Here is another post in my amateur “What is it?” tool threa
d. As usual, I will try to answer questions about their composition, size a
nd how they can move. Pictures are provided via Dropbox.
POST20_TOOL77. This iron tool is 2 feet long. One end has an open socket, s
haped like an arrow with the point cut off. The socket is over ½ inch
wide at its narrowest. The other end is bent to form a 6-inch-wide handle a
t a right angle to the shaft. It ends in a point on one side. It was origin
ally painted red.
POST20_TOOL78. This metal tool is in the pliers family. It tightens with a
ratchet action until the two jaws meet. In the closed position they form th
ree openings: ¼ and 5/8 inch hexagonal ones and a circular one 3/16 in
ches wide on one side and 1/16 inches wide on the other. The far end of one
of the jaws has a 1/16-inch rise/tooth that fits snugly into an indentatio
n on the other jaw. Additional pressure releases the ratchet action and ret
urns the jaws to their open position. One handle is missing its blue rubber
grip. I have hidden the manufacturer’s name and model number.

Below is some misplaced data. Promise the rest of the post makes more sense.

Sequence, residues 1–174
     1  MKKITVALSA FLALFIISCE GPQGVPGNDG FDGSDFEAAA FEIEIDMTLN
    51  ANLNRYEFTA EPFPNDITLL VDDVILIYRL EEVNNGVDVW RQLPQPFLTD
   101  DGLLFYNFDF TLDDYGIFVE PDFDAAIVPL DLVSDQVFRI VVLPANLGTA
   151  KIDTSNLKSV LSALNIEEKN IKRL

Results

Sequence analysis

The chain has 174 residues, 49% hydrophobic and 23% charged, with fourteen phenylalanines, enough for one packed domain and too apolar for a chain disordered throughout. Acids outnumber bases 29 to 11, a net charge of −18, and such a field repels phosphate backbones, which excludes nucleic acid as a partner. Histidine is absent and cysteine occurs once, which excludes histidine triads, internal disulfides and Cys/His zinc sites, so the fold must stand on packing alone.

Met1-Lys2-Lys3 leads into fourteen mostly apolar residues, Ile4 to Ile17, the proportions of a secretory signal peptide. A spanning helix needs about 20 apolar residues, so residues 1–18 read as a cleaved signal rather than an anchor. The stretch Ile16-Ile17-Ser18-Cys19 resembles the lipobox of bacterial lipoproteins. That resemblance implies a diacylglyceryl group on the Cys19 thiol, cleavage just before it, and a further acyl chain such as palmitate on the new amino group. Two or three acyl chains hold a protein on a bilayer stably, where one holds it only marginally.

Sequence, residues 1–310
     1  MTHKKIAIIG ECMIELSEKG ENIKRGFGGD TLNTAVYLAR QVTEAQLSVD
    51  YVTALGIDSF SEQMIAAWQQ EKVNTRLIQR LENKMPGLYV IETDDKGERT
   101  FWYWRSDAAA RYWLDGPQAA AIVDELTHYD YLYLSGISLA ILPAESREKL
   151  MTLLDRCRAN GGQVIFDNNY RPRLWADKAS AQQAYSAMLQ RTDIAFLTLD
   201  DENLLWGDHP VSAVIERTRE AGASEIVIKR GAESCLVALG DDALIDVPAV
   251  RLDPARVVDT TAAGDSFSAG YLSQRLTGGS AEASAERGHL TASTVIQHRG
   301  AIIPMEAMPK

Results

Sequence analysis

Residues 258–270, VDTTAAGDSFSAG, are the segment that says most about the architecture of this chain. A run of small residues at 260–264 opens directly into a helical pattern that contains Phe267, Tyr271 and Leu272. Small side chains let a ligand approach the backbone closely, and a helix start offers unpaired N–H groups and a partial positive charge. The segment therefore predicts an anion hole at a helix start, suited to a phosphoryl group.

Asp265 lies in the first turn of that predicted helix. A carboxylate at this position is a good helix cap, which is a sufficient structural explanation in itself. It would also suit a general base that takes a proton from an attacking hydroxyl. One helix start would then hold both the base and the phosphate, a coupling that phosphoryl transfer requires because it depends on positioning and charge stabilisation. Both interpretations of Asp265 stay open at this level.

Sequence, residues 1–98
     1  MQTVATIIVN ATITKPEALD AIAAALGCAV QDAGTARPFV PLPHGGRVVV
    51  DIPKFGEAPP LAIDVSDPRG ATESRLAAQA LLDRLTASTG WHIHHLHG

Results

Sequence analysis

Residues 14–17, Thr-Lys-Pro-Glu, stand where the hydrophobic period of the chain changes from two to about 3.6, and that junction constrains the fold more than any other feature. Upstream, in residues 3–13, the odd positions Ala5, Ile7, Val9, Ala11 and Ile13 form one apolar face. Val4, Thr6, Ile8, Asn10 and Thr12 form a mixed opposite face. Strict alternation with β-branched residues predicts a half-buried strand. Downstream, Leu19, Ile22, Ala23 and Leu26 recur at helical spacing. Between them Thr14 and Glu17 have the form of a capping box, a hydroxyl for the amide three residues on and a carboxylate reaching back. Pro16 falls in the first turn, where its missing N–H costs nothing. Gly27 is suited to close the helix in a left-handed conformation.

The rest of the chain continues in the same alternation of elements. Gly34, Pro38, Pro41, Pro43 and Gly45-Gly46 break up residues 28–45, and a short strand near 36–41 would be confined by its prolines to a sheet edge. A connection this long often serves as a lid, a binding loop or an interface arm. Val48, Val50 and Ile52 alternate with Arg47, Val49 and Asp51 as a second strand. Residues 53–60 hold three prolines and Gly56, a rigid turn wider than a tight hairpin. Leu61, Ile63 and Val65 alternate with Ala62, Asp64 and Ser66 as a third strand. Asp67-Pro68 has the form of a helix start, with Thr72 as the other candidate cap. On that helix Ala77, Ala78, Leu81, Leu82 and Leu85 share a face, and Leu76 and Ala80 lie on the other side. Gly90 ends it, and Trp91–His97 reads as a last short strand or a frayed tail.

POST20_TOOL79. This metal tool is in the hacksaw family. The blade can be t
ightened or loosened/replaced by turning the handle. The end of the blade n
ear the handle is held in place by a pin through it that fits into an angle
d pair of grooves. It can only make a cut less than ½ inch deep. Why i
s it so narrow, and for whose use is it designed?
POST20_TOOL80. This wooden and metal tool is almost 6 inches long. The wood
en handle is joined to a metal piece containing a freely-spinning spool of
thick thread. The thread feeds thorough a hole and runs down the side of a
removable needle and is threaded through its eye. The tip of the needle is
bent at approximately 30° to the shaft. I have hidden the manufacturer
’s name and motto.